Eisav, Yaakov, Marshmallows and Eternal Gratification in Parshas Toldos

They were born, two boys, twins, Yaakov and Eisav; but they had vastly different natures.  Yet, as you learn the Torah Portion of Toldos and you see with what nature Eisav was blessed, it seems to you, perhaps, that the cards were stacked against Eisav – he had this burning desire for physicality and strength.  However, we are taught Eisav and King David looked alike and had the same personalities.  Both were passionate men.  Ah, passion, it could be used two ways.  Eisav pandered to it and gave in to his huge desires and Dovid didn’t.  Anyone born with a bigger desire for evil, has a bigger chance at being great.  Eisav could have been Moshiach if he worked on himself and fought his desires, if he harnessed his appetite for physicality and used it for spirituality, but Eisav liked instant gratification and refused to discipline himself for anything long-term.

“Eat, be merry, for tomorrow I die,” is Eisav’s motto.  This is what he says: what do I need spirituality, let me have instant pleasure. Soup down my throat.  Now.  In fact, did you ever wonder, why did Eisav have to ask Yaakov to pour the soup down his throat?  What was wrong with his own two hands?  Eisav was actually pleasuring himself as he conducted this whole transaction – he was so wrapped up in gratifying himself, he wouldn’t even stop to feed himself.  Gimme, gimme.  I deserve.  I want.  All nerve endings need pleasuring now.  That is the wrap-up of Eisav’s approach to life.

There was a psychological study, aptly titled the Stanford Marshmallow experiment, which involved, yup, delicious pillowy sweet marshmallows.  Oozing goodness.  And put right in front of some nosh-loving children.  The point of the study was to test the children’s ability to defer on pleasure and see whether there was any correlation with future success.  So, there sat the children and the marshmallows, in a room affording a view to researchers.  In front of each child that mmm-mmm-good marshmallow was plunked down, right there, tantalizingly sweet right under their nose.  The children were told that if they wait and don’t eat it, they would get another one in a while.   Think of that – control yourself and double your pleasure.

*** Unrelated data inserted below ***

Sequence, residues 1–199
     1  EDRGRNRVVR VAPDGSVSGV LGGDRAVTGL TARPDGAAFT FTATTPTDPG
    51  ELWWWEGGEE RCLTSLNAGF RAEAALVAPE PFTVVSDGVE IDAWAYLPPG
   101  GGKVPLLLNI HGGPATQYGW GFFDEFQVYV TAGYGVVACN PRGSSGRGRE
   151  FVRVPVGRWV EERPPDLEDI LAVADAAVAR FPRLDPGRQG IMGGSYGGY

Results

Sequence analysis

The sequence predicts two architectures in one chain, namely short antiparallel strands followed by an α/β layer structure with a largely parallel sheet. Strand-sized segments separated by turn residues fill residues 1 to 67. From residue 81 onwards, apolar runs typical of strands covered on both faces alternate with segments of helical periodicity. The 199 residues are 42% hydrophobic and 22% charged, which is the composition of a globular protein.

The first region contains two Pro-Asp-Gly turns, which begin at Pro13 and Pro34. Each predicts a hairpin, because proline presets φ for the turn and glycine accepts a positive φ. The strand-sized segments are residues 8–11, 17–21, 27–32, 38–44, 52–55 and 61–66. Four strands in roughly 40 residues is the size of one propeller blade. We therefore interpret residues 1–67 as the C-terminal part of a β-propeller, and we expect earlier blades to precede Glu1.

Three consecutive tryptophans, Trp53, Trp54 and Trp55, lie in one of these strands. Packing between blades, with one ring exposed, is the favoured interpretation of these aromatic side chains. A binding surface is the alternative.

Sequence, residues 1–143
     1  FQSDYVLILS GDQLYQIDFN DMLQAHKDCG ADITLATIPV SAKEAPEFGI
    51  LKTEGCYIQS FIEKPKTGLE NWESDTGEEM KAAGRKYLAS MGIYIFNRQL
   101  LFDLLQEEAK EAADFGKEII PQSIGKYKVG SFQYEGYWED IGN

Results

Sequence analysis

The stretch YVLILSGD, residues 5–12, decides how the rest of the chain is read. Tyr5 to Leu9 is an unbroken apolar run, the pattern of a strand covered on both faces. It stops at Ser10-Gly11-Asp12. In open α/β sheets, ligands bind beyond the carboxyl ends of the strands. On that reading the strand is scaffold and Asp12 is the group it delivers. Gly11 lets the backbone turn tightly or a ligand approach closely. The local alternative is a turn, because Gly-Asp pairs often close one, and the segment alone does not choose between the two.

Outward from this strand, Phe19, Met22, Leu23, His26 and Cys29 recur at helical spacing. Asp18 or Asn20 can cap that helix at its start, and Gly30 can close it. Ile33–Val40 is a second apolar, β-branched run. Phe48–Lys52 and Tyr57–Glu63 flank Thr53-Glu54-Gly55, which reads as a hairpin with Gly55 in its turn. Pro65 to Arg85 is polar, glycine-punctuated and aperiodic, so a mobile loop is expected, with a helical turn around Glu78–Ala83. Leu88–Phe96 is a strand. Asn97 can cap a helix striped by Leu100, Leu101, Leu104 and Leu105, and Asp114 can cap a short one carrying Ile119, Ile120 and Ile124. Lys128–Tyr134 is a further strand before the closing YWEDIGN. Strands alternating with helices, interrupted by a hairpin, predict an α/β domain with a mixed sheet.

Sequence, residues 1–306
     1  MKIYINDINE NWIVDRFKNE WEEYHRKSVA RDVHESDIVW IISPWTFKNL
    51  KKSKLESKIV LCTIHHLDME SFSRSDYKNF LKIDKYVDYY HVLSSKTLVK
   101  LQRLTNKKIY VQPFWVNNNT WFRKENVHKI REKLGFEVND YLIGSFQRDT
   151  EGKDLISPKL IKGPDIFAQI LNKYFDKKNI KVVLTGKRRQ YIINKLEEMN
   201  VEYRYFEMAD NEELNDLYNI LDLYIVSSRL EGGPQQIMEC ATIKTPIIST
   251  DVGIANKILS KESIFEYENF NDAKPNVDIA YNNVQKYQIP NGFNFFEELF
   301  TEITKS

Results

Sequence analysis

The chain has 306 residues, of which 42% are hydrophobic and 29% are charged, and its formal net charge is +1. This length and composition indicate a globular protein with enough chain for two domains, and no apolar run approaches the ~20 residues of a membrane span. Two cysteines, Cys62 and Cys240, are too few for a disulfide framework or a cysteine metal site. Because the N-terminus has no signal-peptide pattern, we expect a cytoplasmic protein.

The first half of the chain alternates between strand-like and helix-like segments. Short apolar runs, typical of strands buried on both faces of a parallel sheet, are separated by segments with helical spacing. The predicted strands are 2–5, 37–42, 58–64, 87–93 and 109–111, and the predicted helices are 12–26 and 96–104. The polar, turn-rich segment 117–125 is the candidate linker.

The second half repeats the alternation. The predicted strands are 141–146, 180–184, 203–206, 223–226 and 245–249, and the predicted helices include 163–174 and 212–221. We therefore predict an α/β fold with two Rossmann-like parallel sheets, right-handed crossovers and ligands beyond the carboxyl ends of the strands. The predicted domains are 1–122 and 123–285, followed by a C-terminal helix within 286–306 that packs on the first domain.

The researchers left the room.  Some children gobbled up the nosh right away.  Some kept poking at it, smelling it, nibbling off its corners.  And some children ignored the nosh and earned the reward of a second marshmallow.  The children were then tracked to see which ones finished high school, which went to college and which ended up with good lives.  It was found (is it surprising?) that children who controlled their desire for the instant nosh were the ones who ended up successful.  Wanting instant gratification is a weakness.

A person who lives in this world only thinking of the pleasures of Olam HaZeh [the temporal world here], like Eisav did, is a bigger idiot.  Good people know we ought at times to deny the instant pleasure because when it comes to Olam HaBah [the next world which is eternal], the pleasure there is greater and we would be idiots to trade a great thing for something stupid just because it’s instant.  An example often given by the late Rabbi Noach Weinberg, ZT”L:  eating ice cream is a pleasure.  Saving a life is a greater pleasure.  If you had to choose between the two, which would you do?  Give up the ice cream- that cool delicious instant feeling of coldness sliding down your throat?  Of course – cuz you know the pleasure of saving a life will last a lifetime.  Eisav refused to self-discipline in anything.  He wanted pleasure – he wanted it now – he wanted it physically, which is why he ended up with no spiritual or emotional pleasures.

Yaakov, his brother, on the other hand, knew how to defer, to wait things out, to channel and harness his passion and keep it in check.  In fact, he was able to wait for the love of his life, working toward his marriage, because he knew how to wait things out.  Those willing to harness passion, control their desires and trade instant gratification for greater things, those are the ones who end up with the ever-lasting pleasures.

After all, instant soup is quite bland.  Instant world is blander, yet.  Go for the real deal, the real lasting spiritual pleasure.

Advertisements

About jewishspectacles

Jewish Spectacles-the kind you look through, not the kind you create!
This entry was posted in Jewish Thought, Jewish Weekly Torah Reading, Parsha and tagged , , , , , , , , . Bookmark the permalink.

Leave a Reply

Fill in your details below or click an icon to log in:

WordPress.com Logo

You are commenting using your WordPress.com account. Log Out / Change )

Twitter picture

You are commenting using your Twitter account. Log Out / Change )

Facebook photo

You are commenting using your Facebook account. Log Out / Change )

Google+ photo

You are commenting using your Google+ account. Log Out / Change )

Connecting to %s